I like to think of myself as a seasoned Risk player. I can hold my own pretty darn well, and actually most games of Risk involving my husband and I are decided purely by who can manipulate other players the most efficiently. So a couple of years ago we entered a “Win the Board” event at Gen Con for a copy of Risk 2210, with hopes that we could add it to our collection.
The game consisted of myself, my husband, our good friend Sho, and the DM who also played the game. It was disastrous. Not only did we not win, which wasn’t that big of a deal, but we didn’t even have a good time. The DM that we played with was extremely unfriendly and played for blood, he taught the game poorly (pulling out new rules that he forgot as they were convenient), and just generally made the game not much fun. So when a guy from my local gaming group wanted to pull out 2210 for the evening, I hated to tell him no, but I was expecting the same terrible experience.
First off, he explained the rules much much clearer, and from the get go! This alone made for a much more enjoyable game, but was also good natured when the board didn’t turn in his favor. You know, he was a good sport, like game players should be.
I found myself intrigued by many of the mechanics that I simply hadn’t understood the first time I played. Like the delicate dance of using your energy tokens effectively. Energy tokens are gained in much the same way that troops are and are required to play and buy cards and get commanders. I don’t recall what was done differently between my two plays of this game, but the first time around it seemed like I never had any of these, or only had one or two at a time. My playing wasn’t *that* bad, so I think we must have been playing it slightly incorrectly, although my DM didn’t seem to have trouble getting any… odd…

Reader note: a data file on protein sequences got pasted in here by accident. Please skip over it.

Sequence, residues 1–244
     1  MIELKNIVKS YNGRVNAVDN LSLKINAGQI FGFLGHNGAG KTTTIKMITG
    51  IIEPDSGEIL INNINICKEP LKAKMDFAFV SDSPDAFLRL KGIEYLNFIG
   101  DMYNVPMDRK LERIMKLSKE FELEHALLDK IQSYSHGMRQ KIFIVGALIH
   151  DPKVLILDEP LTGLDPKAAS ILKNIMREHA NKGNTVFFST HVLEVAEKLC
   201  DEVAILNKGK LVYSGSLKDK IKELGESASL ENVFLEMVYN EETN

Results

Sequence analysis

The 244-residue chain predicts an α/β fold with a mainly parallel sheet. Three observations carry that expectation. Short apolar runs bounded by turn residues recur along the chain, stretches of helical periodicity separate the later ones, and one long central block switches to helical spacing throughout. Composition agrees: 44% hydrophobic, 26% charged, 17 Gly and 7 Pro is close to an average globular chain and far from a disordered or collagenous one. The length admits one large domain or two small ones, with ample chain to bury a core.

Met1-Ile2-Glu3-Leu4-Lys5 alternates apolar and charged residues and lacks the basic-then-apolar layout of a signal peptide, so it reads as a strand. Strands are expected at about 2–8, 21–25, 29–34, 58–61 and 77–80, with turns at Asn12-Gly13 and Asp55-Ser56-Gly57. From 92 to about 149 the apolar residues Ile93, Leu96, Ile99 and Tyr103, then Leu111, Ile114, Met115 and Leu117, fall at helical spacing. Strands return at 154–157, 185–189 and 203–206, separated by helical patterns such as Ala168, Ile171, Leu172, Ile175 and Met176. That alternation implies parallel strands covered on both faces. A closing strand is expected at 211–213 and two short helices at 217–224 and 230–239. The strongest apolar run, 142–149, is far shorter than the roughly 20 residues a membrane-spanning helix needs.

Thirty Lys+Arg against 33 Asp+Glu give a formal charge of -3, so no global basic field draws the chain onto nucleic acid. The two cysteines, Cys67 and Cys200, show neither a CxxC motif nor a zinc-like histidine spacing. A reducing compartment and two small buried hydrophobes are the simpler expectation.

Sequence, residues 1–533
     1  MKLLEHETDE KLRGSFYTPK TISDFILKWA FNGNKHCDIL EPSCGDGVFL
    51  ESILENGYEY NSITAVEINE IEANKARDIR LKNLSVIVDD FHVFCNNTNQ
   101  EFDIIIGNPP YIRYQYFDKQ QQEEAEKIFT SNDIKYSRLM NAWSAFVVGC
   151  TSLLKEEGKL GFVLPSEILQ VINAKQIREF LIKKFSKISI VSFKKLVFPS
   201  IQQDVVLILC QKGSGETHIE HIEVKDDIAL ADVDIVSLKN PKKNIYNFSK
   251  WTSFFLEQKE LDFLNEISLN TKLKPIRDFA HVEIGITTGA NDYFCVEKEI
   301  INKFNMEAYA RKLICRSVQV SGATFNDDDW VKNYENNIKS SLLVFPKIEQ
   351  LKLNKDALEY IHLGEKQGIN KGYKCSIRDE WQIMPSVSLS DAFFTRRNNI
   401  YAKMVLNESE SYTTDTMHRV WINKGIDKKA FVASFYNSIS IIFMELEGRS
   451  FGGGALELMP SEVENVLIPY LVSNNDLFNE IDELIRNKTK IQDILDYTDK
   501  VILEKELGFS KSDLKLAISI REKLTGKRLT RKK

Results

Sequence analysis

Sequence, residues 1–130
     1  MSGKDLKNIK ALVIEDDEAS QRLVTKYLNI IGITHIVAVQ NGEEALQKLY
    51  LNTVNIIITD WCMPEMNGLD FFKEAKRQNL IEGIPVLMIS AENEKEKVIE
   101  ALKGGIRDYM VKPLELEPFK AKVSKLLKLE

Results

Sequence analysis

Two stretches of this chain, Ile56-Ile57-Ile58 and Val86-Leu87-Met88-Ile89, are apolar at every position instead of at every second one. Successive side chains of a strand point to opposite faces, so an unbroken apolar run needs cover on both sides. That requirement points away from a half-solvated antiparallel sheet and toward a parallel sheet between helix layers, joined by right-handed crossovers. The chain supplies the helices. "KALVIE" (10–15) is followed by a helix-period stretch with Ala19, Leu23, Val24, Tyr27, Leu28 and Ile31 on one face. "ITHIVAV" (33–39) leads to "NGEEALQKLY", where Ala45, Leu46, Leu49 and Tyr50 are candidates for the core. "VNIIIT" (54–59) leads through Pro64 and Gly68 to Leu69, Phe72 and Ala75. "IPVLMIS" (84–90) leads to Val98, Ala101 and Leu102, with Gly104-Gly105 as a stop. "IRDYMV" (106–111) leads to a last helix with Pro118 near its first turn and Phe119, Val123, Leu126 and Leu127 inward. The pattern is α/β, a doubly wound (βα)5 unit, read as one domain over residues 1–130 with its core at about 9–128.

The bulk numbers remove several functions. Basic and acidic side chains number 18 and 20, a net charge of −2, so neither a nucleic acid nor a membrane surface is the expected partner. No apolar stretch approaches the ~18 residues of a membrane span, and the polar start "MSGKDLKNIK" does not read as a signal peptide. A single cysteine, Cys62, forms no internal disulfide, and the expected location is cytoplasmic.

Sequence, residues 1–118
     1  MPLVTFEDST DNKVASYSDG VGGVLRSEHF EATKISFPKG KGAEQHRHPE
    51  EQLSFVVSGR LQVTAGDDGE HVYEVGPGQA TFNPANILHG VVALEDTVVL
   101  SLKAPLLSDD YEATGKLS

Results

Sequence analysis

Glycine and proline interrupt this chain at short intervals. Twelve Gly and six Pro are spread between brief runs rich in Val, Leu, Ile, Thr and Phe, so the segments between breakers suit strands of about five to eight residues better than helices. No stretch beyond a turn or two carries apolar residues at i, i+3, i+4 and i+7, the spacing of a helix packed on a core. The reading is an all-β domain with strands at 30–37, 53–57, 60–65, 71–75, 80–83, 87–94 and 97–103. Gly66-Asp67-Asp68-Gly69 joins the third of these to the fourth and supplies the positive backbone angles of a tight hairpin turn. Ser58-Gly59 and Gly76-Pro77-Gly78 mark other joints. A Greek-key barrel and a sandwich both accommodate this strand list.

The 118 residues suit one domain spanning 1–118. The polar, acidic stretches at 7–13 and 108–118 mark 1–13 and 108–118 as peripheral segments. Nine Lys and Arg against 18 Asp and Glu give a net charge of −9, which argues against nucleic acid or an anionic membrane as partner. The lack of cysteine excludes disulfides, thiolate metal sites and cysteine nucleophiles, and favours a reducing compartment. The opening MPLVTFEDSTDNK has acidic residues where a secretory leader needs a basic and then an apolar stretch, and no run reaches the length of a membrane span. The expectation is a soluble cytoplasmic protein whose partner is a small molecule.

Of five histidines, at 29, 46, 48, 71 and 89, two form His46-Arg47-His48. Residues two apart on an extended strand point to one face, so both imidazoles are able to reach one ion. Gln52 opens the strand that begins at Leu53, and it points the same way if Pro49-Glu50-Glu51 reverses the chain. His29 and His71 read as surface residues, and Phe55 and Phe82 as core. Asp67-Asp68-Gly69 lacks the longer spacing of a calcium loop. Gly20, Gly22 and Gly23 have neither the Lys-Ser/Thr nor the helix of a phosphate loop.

The cards are what made Risk 2210 for me. These really spiced it up with special powers and abilities, it also made the game a bit more random. During the game you can buy cards from one of five different categories. These categories correspond to the different commanders, and you must have that commander on the board to buy one of their cards. These can be anything from “No one can attack you this turn” to “Armageddon”. They are fun, even if slightly random.
By the end of my second game, I decided that this game wasn’t so bad. Sure it still had all the rolling that can make regular risk tedious, but it also had some nifty cards and special abilities to keep it much more interesting. And now that I fully understood the rules, and wasn’t playing with someone who was a total grump, it was a lot more fun too.
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